Grant D. Trobridge, Ph.D.
Ph.D. in microbiology, Oregon State University
- PHARMSCI 581: Stem Cell Biology and Therapeutics
- PHARMDSCI 515: Immunology
- PHARMSCI 572: Fundamentals of Oncology
- Foamy vectors for hematopoietic stem cell gene therapy
- Cancer research
- Vector-mediated genotoxicity/oncogenicity
AIDS gene therapy:
Antiretroviral drug therapy has reduced the morbidity and mortality from HIV infection, but despite enormous efforts there is still no effective vaccine. For AIDS stem cell gene therapy, transgenes that interfere with HIV replication are delivered to hematopoietic (blood) stem cells that are infused into a patient. These stem cells then produce mature lymphocytes and macrophages (white blood cells) that are resistant to infection. Gene therapy for AIDS has been evaluated in clinical trials, but in these studies the inability to efficiently deliver anti-HIV transgenes to stem cells has been a significant roadblock. We have developed a foamy retrovirus vector that expresses 3 anti-HIV transgenes and inhibits viral replication over 10,000-fold. This vector can be efficiently delivered to human hematopoietic stem cells as assayed in a mouse model.
Identifying genes involved in acute myeloid leukemia:
A proven way to better understand cancer mechanisms and develop targeted therapies is to identify the genes that are involved in the development and progression of cancer. We are employing a novel retroviral mutagenesis screen approach designed to rapidly identify genes that are involved in the development of myelodysplastic syndromes (MDS) and progression to acute myeloid leukemia (AML). One goal of this research is to develop biomarkers that can be used to identify MDS/AML patients that respond to specific types of therapy. A second goal is to identify gene products that can be therapeutically targeted in future studies with novel small molecule drugs.
Vector mediated oncogenicity/genotoxicity:
An unwanted side-effect of gene therapy using integrating retroviral vectors is that they can dysregulate the expression of nearby genes including proto-oncogenes. We have used high-throughput bioinformatic approaches with PERL computer programs to identify integration sites in hematopoietic repopulating cells and to correlate these sites with known oncogenes, and to gene expression in primitive hematopoietic cells. In these studies we compared different vector types to assess their relative genotoxicity. We are currently exploring novel approaches to reduce retroviral genotoxicity.
Extended survival of glioblastoma patients after chemoprotective HSC gene therapy. Science Translational Medicine. 2012, 4(133):p.133ra57.
Hematopoietic stem cell expansion facilitates multilineage engraftment in a nonhuman primate cord blood transplantation model. Experimental Hematology. 2012, 40(3)p187–196.
Novel reporter systems for facile evaluation of I-SceI-mediated genome editing. Nucleic Acids Research. 2012, 40(2)e14.
Genotoxicity of retroviral hematopoietic stem cell gene therapy. Expert Opinion on Biological Therapy. 2011, 11(5):581-593.
Differential effects of HOXB4 and NUP98-HOXA10hd on hematopoietic repopulating cells in a nonhuman primate model. Human Gene Therapy. 2011. 2(12):1475-82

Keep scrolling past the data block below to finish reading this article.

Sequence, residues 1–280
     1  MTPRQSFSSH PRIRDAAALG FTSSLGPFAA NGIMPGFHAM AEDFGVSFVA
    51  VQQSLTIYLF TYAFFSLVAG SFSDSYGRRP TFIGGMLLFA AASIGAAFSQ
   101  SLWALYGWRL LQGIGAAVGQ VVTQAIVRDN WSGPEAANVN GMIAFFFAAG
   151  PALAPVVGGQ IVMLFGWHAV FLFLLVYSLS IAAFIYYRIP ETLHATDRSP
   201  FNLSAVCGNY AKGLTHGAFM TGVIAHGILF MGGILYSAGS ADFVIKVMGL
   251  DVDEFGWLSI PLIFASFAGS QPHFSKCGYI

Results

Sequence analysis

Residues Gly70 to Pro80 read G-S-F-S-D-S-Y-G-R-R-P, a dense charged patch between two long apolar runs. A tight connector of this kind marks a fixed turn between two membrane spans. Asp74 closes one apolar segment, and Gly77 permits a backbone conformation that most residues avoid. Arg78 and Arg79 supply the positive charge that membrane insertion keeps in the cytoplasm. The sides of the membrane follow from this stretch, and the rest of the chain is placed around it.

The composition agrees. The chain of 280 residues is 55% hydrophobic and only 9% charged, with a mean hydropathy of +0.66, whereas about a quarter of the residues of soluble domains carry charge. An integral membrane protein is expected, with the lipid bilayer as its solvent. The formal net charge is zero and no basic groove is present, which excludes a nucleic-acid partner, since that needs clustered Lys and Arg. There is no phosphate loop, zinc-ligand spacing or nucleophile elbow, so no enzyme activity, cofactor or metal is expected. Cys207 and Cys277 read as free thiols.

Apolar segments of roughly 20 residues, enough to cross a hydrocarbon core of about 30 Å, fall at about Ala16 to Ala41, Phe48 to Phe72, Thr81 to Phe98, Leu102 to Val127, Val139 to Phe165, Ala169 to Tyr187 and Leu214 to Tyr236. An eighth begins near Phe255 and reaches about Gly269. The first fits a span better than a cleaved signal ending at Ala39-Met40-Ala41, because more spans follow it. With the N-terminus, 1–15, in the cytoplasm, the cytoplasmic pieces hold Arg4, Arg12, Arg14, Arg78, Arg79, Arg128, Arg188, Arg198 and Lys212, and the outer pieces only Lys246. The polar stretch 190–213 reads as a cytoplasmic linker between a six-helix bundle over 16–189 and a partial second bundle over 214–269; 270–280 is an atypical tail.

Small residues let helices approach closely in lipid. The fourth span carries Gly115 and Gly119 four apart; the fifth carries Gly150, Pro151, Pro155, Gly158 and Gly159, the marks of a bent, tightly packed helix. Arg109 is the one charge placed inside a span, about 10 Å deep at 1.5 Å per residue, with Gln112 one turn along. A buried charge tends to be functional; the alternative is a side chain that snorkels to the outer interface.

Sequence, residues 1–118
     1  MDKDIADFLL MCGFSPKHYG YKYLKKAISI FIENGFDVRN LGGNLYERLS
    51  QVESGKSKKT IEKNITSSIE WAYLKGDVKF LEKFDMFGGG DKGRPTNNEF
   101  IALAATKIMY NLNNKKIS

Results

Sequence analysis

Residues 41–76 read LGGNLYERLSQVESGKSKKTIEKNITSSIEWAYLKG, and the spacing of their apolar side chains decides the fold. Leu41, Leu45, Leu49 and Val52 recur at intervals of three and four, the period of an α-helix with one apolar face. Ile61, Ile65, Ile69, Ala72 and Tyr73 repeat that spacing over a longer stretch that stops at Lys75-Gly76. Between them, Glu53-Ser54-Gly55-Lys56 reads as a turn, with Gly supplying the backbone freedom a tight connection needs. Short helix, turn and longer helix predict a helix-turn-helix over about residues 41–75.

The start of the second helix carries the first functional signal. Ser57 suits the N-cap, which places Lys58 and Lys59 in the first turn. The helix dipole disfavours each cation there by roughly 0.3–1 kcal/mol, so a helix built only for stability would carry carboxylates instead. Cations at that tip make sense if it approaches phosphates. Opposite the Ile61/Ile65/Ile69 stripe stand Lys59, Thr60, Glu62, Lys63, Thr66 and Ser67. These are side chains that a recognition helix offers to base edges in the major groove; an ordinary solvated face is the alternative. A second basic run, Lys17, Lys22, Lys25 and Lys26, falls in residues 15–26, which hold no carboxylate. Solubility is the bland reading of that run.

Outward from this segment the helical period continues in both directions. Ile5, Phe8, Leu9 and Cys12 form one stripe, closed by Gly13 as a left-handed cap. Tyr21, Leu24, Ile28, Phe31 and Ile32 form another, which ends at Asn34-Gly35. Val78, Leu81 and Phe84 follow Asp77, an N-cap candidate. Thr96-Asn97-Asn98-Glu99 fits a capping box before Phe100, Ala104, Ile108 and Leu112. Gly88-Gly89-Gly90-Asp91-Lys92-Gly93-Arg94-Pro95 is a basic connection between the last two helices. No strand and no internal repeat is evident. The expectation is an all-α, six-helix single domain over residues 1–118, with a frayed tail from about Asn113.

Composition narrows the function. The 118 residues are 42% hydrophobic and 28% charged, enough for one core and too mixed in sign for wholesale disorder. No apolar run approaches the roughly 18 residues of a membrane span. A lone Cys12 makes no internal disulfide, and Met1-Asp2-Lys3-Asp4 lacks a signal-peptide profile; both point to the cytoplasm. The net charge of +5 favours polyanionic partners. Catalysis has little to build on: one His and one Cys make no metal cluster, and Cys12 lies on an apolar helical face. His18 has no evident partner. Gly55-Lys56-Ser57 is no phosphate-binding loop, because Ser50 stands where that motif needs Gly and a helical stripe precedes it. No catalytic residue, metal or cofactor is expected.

Efficient generation of nonhuman primate induced pluripotent stem cells Stem Cells and Development. 2011, 20(5): 795-807.
Efficient and stable MGMT-mediated selection of long-term repopulating stem cells in nonhuman primates. Journal of Clinical Investigation. 2010, 120(7):2345-54.
A Retroviral Vector Common Integration Site between Leupaxin and Zinc Finger Protein 91 (ZFP91) Observed in Baboon Hematopoietic Repopulating Cells Experimental Hematology. 2010, 38(9):819-22.
Large animal models of hematopoietic stem cell gene therapy Gene Therapy. 2010, 17(8):939-48.
Foamy combinatorial anti-HIV vectors with MGMTP140K potently inhibit HIV-1 and SHIV replication and mediate selection in vivo Gene Therapy. 2010, 17(1):37-49.
Stable marking and transgene expression without progression to monoclonality in canine long-term hematopoietic repopulating cells transduced with lentivirus vectors Human Gene Therapy. 2010, 21(4): 397-403
Cocal pseudotyped lentiviral vectors resist inactivation by human serum and efficiently transduce primate hematopoietic repopulating cells Molecular Therapy. 2010, 18(4):725–733.
Protection of stem cell-derived lymphocytes in a primate AIDS gene therapy model PLoS ONE. 2009, 4(11): e7693.
Foamy virus vectors for gene transfer Expert Opinion on Biological Therapy. 2009, 9(11)1427-1436.
Foamy and lentiviral vectors transduce canine long-term repopulating cells at similar efficiency Human Gene Therapy. 2009, 20(5):519-523.
Genetic manipulation of hematopoietic stem cells:
Thomas' Hematopoietic Cell Transplantation, 4th edition 2009. pages 116-128. Wiley Blackwell Publishing. Eds. Appelbaum et al.
Development of foamy virus vectors:
in Viral vectors for gene therapy: methods and protocols 2002. pages 545-564. Humana Press. Ed. Curtis A. Machida
Interferon-inducible Mx proteins in fish:
in Immunological Reviews 1998. Volume 166. pages 349-363. John Wiley & Sons publishing.
(509) 335-3573 (office)
(509) 335-4875 (lab)
(509) 335-5902 (fax)
P.O. Box 646534
Washington State University
Pullman, WA 99164-6534
Lentiviral Vector Production Service
We can assist WSU investigators with lentiviral vector production